Several venture capitalists at Dig South shared the biggest mistakes startup founders make when pitching their company to investors.
Amy Salzhauer, managing partner of Charleston-based Good Growth Capital, said startups do not need to have perfected presentation materials. She said it is more important for them to know the amount of money they need and what exactly they plan to do with it.
“I shudder when I see these beautiful presentations, but the numbers aren’t there, and the strategy isn’t there,” Salzhauer said. “Before you come in, really think it through. You should know your ask.”
Salzhauer said that, before a pitch, founders should also thoroughly research the investment groups and the individual investors on those boards. She said an entrepreneur should be able to specifically explain why their product or software would benefit from a particular investor’s experience.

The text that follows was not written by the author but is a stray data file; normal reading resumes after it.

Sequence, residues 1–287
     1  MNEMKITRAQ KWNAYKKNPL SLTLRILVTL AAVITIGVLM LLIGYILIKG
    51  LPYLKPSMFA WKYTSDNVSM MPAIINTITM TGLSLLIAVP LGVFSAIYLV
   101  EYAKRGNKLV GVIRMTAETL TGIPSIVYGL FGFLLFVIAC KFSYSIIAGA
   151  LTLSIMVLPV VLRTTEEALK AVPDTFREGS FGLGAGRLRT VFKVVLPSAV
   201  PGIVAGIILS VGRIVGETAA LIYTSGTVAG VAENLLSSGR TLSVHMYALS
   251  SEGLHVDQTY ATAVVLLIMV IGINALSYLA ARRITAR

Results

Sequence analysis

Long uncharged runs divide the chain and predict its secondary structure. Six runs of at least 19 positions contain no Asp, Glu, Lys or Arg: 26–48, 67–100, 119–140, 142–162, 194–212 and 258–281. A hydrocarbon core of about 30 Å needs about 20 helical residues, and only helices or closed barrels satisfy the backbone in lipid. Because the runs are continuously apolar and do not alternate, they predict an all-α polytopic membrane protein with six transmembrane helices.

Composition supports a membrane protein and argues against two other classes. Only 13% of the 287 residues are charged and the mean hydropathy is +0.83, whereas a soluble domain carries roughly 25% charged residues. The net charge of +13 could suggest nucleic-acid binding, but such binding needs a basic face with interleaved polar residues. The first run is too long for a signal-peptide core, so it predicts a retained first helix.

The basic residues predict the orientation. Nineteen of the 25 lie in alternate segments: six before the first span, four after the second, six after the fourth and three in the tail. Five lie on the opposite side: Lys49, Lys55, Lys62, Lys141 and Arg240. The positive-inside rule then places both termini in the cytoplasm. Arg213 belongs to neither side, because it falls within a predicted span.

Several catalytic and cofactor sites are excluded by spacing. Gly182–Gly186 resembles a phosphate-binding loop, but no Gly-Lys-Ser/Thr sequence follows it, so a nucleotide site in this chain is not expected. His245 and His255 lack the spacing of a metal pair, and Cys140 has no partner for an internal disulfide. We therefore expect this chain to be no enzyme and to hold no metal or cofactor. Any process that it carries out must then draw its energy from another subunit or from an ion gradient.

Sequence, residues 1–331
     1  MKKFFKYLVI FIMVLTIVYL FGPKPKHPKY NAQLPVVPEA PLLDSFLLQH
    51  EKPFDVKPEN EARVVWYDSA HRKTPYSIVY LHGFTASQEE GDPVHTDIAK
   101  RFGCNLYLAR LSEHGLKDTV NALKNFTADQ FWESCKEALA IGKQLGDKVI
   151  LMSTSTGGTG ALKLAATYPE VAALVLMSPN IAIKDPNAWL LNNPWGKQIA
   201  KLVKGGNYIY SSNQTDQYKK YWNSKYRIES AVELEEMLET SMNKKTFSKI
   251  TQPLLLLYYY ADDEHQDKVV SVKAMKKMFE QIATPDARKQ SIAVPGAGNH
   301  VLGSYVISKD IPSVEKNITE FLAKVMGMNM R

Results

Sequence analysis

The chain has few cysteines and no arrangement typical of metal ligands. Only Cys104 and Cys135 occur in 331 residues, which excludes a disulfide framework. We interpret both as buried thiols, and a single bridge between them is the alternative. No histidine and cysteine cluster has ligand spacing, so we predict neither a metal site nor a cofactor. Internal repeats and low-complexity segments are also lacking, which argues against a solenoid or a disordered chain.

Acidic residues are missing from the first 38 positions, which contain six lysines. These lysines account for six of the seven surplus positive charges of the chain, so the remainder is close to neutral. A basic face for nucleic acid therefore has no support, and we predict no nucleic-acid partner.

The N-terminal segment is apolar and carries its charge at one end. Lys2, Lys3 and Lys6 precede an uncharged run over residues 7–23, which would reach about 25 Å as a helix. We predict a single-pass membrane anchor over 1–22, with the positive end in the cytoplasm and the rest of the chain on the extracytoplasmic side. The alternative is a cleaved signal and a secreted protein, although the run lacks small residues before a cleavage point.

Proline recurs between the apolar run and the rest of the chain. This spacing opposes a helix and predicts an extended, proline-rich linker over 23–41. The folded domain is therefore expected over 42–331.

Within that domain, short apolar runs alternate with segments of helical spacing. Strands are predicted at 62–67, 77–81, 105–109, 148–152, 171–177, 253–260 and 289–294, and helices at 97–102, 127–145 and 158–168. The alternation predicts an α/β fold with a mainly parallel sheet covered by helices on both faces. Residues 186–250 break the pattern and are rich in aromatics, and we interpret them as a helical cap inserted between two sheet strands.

“You should want us to have something special to add to the deal,” Salzhauer said.
Unreasonable valuation of a startup makes it difficult for Frank Dalton, partner in Atlanta-based Fulcrum Equity Partners, to move forward to an investment, he said. Many entrepreneurs are overly optimistic about their company’s worth, he said, because they read about startups that quickly make it big in Silicon Valley and expect the same results.
Paul Iaffaldano, chief investment officer at BIP Capital in Atlanta, said the pitching process takes time, and the entrepreneur and the investors should be vetting to see whether the fit is right.
“We don’t want to get married on the first date,” he said. “This is a process.”
Dalton added that entrepreneurs should be able to answer three questions in a pitch: “Why you? Why now? And why is what the heck you’re doing important?”
Salzhauer reinforced that founders should ensure their investors’ interest and vision matches their own.
“Think about whether your goals as the entrepreneur are going to match the goals of the people who are going to be financing your company, because they’re not just going to be sitting on the board,” she said. “They’re going to be helping to determine the direction of the company.”